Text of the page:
Beyond Airmindedness: Managing Regional Affairs Strategists for Joint Strategic Effect
AIR UNIV MAXWELL AFB AL MAXWELL AFB
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In 1997, Department of Defense DOD Directive 1315.17 directed the military branches to establish Foreign Area Officer FAO programs to meet service-specific needs. The Joint Staff updated and enhanced this guidance in 2005, at which time the Air Force committed to the dedicated development of Regional Affairs Strategists RAS. Although the services received additional direction on how to manage their FAO programs in the 2007 DOD Instruction 1315.20, the DOD did not prescribe a standardized program for training and utilization. As such, the Army and Air Force pursue two different FAO utilization designs single track and dual track. This study analyzes how these different utilization models affect the ability of political-military practitioners to transfer salient information back and forth across multiple social domains, spanning from local language networks all the way to military and government domains. Interviews were conducted with fifteen political-military practitioners in order to describe the differences in quality and application between the Armys single-track utilization design and the dual track used by the Air Force. When framed in the context of organizational innovation as pioneered by John F. Padgett and Walter W. Powell, the comparison between single-track and dual-track designs yields numerous strategic implications. To this end, three well established mechanisms of innovation offer a useful lens to compare and contrast how FAO and RAS utilization affects their ability to leverage strategically important context overseas by linking multiple social domains.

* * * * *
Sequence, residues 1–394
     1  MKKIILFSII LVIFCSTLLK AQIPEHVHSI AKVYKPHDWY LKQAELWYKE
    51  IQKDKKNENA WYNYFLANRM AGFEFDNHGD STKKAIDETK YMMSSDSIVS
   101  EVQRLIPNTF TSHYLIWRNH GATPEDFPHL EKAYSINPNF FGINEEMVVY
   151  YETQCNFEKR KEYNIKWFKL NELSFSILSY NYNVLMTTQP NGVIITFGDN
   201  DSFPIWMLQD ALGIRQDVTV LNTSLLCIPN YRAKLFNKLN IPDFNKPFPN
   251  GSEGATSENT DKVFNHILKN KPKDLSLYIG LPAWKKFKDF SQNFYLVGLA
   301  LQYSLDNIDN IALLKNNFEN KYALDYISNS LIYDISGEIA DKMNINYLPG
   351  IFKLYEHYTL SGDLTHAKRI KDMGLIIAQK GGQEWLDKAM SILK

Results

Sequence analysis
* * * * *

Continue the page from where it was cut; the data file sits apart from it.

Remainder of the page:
- Government and Political Science
- Military Forces and Organizations